© 2013 BORO Solutions Modern initiatives There are two modern ontological analysis initiatives within accounting information systems Wand/Weber Wand and Weber (1989) An Ontological Evaluation of Systems Analysis and Design Methods The Wand/Weber initiative explicitly draws upon the work of Mario Bunge (Bunge1974). Its focus is on the needs of conceptual modelling and is not directed towards a specific model of accounting McCarthy/Geerts McCarthy (1982) The REA Accounting Model The McCarthy/Geerts initiative has developed a specific model of accounting called (in (McCarthy 1982)) the REA Accounting Model Geerts and McCarthy (2002) An Ontological Analysis of the Primitives of the Extended-REA Enterprise Information Architecture say on p.2 many scholars consider it [their REA model] a more solid foundation for the enterprise information systems of the future than the traditional double-entry framework it attempts to supplant Similar points are made in Walker and Denna (1997) Arrivederci, Pacioli? A new accounting system is emerging. and Andros, et al. (1992) Reengineer your accounting, the IBM way 9
The original foundations 10
© 2013 BORO Solutions Accounting - bookkeeping Based upon old information technology The emergence of accounting (and its conceptual scheme) is closely associated with the emergence of writing (an early information technology) Historians tell us that writing developed in Ancient Mesopotamia millennia ago to help people manage the accounts of the developing city- states. (e.g. Nissen, et al. (1993) Archaic bookkeeping) 11
© 2013 BORO Solutions The current accounting conceptual scheme The current accounting conceptual scheme has its roots in a more recent development. The introduction of printing in the late fifteenth century prompted a number of books on accounting – describing various different systems It also prompted Europes standardisation on the one of these most suited to the then current technology – the system described in the chapter Particularis De Computis Et Scripturis (Details of Accounting and Recording) in the book Summa de Arithmetica, Geometria, Proportioni et Proportionalita by Pacioli printed in 1494) The system is one that, as Pacioli noted, had been used by Venice merchants for hundreds of years. So printing was not a key factor in its development – just in the standardisation upon it 12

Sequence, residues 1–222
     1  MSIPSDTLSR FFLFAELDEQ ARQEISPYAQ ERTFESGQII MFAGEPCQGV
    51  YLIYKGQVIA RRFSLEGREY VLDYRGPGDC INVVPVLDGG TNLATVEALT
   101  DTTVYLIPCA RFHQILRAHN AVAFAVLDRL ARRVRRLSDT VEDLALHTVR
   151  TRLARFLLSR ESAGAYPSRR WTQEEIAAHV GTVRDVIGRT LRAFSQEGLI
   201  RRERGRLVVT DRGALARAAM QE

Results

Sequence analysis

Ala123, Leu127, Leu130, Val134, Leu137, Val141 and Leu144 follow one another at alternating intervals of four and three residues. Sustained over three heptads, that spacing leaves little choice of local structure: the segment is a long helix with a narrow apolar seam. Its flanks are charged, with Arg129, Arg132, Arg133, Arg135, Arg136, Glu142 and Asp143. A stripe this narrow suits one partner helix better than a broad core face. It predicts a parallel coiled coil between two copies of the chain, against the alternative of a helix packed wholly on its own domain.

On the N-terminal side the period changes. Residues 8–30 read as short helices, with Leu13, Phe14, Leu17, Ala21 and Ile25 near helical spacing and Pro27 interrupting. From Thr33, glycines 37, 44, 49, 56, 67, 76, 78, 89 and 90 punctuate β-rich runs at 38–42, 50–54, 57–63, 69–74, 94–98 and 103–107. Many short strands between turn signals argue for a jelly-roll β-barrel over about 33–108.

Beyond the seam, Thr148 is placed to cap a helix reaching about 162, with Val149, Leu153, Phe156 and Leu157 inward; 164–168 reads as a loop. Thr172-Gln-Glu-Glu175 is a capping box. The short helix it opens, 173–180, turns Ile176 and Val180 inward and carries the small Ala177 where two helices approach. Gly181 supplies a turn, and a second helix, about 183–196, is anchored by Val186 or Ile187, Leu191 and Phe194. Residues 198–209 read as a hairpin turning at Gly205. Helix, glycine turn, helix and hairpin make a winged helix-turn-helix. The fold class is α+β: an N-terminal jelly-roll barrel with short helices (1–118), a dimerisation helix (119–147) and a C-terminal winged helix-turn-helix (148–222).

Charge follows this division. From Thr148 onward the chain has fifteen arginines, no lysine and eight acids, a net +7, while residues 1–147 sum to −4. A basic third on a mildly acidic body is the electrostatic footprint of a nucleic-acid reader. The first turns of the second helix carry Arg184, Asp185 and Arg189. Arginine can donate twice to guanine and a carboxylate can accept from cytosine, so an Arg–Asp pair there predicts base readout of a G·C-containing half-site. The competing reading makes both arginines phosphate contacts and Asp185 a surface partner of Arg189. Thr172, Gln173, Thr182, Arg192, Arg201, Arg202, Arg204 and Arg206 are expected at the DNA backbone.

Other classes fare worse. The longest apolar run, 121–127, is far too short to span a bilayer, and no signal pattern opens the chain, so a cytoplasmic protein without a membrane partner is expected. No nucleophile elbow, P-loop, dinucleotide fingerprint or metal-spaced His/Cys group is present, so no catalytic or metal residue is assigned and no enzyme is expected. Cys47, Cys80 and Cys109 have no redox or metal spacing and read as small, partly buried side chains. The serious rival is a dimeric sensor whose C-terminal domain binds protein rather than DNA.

© 2013 BORO Solutions A paper and ink system The influence of paper and ink technology is plain in the books text. For example, in Chapter 2, Pacioli writes The businessman must then prepare his Inventory in the following way: First of all, he must write on a sheet of paper or in a separate book … Further on he says: In the left margin, next to the [journal] entry place the page numbers where the debit and credit entries are to be found, the debit above the credit below. Immediately enter the debit and credit account in the index, each under its own letter. Cash will be placed under the letter C as follows Cash, page 1. Place Capital also under C, Capital of my own, page 2. In this way, continue entering in the Index all the debit and credit accounts under their respective letters, in alphabetic order. When this is done the accounts can easily be located in the Ledger. 13